In 2010, Qantas Airlines filed a claim against Rolls-Royce in Australia’s Federal Court following an un-contained engine failure on Qantas Flight 32, which resulted in an emergency landing at Changi International Airport. The Australian Transport Safety Board determined that this engine failure resulted from a manufacturing flaw on the Airbus A380’s Rolls-Royce Trent 900 engines. The parties reached a settlement in the sum of USD 100 million.
Passengers versus Manufacturer
Passengers aboard British Airways flight 38, a Boeing 777-200ER, sued Boeing for pain and suffering following a crash landing at Heathrow International Airport. Boeing settled the claim for an undisclosed amount.
In 2009, Terry Williams, a former American Airlines flight attendant, instituted a claim against Boeing and MacDonnell Douglas, for health complications that arose from inhaling toxic fumes through the aircraft bleed air and ventilation system. She claimed that faulty aircraft design was to blame for toxic fumes entering the cabin. Boeing had the matter settled out of Court for an undisclosed amount.
Passengers versus Airline and Manufacturer
In 1999 a Boeing 757-200 operating as Aero Peru flight 603, crashed in the Pacific Ocean off the coast of Peru killing all on board. In a claim filed on behalf of relatives of the deceased passengers and crew, Attorneys contended that the aircraft was defective because onboard instruments provided the pilots with inaccurate and conflicting information, yet Boeing had not trained them on how to deal with such a scenario. Further, negligent actions of an airline employee during routine cleaning contributed to the accident. Boeing and Aero Peru settled the claims for an undisclosed amount.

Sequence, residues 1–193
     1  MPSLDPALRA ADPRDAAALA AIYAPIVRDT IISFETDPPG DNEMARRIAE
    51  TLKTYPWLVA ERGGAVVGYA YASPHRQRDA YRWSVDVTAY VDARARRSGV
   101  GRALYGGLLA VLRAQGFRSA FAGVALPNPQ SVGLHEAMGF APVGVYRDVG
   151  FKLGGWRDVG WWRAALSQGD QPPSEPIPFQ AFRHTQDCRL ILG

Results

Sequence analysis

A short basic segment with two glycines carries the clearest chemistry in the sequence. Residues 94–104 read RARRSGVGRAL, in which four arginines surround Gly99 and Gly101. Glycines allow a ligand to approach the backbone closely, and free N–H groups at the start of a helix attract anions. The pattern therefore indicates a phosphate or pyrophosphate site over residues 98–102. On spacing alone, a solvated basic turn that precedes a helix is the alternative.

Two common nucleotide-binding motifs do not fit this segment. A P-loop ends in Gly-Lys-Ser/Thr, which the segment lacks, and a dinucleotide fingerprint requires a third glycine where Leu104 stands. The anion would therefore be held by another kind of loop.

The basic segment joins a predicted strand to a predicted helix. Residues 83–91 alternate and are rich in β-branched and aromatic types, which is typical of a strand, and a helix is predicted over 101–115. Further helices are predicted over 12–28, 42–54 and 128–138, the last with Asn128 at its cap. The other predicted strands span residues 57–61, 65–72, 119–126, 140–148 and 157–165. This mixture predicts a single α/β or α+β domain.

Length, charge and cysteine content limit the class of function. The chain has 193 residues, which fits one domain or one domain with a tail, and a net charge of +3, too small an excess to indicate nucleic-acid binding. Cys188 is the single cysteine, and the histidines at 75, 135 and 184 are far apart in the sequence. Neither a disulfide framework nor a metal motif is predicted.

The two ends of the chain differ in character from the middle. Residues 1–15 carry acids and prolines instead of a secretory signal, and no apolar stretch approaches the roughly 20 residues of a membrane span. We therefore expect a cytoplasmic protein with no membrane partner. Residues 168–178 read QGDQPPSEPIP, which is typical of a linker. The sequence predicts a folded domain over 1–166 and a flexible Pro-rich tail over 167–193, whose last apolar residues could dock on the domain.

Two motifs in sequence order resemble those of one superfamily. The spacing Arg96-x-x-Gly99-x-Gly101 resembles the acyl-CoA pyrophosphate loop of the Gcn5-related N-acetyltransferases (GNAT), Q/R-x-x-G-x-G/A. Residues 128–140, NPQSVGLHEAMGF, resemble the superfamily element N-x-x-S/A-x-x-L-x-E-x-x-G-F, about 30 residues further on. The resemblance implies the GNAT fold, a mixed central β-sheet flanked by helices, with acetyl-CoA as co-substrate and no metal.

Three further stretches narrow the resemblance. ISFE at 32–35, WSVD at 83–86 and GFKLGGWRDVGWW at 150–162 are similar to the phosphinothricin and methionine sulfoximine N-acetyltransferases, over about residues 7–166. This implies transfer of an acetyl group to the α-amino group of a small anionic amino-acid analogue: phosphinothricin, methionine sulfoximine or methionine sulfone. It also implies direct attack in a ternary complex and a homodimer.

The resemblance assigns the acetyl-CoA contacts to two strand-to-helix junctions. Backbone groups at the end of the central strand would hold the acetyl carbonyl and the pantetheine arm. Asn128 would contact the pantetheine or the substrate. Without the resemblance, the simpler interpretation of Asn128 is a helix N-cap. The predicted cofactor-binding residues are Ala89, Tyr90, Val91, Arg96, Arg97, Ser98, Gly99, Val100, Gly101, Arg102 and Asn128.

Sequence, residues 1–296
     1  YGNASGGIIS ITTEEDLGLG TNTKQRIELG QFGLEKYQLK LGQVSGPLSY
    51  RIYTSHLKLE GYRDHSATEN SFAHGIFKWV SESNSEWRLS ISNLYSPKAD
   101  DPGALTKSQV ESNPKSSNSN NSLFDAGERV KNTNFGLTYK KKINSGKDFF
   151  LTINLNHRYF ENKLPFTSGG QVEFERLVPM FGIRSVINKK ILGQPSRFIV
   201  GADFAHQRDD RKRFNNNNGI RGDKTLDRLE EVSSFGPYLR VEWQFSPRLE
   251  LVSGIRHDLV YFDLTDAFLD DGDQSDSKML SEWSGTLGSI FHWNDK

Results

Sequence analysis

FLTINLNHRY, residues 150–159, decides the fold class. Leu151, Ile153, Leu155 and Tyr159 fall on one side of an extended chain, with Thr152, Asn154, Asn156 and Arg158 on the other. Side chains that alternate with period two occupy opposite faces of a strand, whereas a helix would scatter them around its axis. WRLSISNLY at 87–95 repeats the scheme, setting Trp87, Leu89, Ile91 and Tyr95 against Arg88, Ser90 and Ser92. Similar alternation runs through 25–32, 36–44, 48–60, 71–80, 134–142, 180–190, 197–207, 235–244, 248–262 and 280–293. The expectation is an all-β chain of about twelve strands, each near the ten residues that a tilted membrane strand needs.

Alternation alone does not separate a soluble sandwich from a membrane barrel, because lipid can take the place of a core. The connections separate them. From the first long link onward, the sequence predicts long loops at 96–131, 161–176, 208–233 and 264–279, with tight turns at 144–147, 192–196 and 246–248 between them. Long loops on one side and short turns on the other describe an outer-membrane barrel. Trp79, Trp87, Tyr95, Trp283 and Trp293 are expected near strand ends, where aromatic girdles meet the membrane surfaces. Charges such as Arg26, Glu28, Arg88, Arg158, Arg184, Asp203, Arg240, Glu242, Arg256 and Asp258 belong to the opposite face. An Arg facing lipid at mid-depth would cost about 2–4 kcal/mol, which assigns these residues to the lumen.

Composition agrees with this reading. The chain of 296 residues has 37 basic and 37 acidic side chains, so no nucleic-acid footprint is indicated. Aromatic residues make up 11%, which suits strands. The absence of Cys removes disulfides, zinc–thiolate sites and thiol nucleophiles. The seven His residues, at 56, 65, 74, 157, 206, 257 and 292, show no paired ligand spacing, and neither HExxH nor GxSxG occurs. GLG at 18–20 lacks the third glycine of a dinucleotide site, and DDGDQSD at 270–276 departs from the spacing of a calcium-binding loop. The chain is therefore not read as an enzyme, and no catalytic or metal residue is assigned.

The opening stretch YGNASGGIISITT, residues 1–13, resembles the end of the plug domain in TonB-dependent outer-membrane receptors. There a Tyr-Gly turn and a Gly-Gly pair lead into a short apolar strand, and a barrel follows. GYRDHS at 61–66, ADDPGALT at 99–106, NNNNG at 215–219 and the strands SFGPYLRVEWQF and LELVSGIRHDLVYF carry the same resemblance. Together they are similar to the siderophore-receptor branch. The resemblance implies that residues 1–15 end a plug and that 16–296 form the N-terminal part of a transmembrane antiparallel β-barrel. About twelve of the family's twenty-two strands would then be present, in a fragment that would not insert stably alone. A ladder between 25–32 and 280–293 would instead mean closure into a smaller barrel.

In 1999, Boeing and Swissair jointly settled-for an undisclosed amount- claims instituted by relatives of 214 passengers and 15 crew members that perished a year earlier, when the MacDonnell Douglas MD-11 operating as Swiss Air flight SR 111, plunged into the Atlantic ocean off the coast of Nova Scotia. The crash was attributed to a fire spread by flammable material used in construction of the aircraft.
Prior to occurrence of these accidents and incidents, the various aircraft possessed valid certificates of airworthiness issued by aviation regulatory authorities in their respective states of registry. This implies, they were in a condition for safe operation. Had the national regulators deemed them defective/unsafe, then certificates of airworthiness would not have been issued.
In all accidents and incidents listed above, the defects were foreseeable and ought to have been discovered and rectified during initial or annual certification, failure of which, incompetence should have been imputed on regulators who certified them as safe to operate.
Product liability currently targets manufacturers. However, there is need to reconsider this position in the highly regulated aviation industry, which has additional layers of protection through the safety and technical oversight function of national aviation regulatory authorities.
Liability should be jointly and severally apportioned between designers/manufacturers, regulatory authorities responsible for issuance of type and/or supplemental type certificate where applicable, and finally, authorities responsible for issuance of certificates of airworthiness, as they are all part of the certification and airworthiness process that permits airlines to operate aircraft.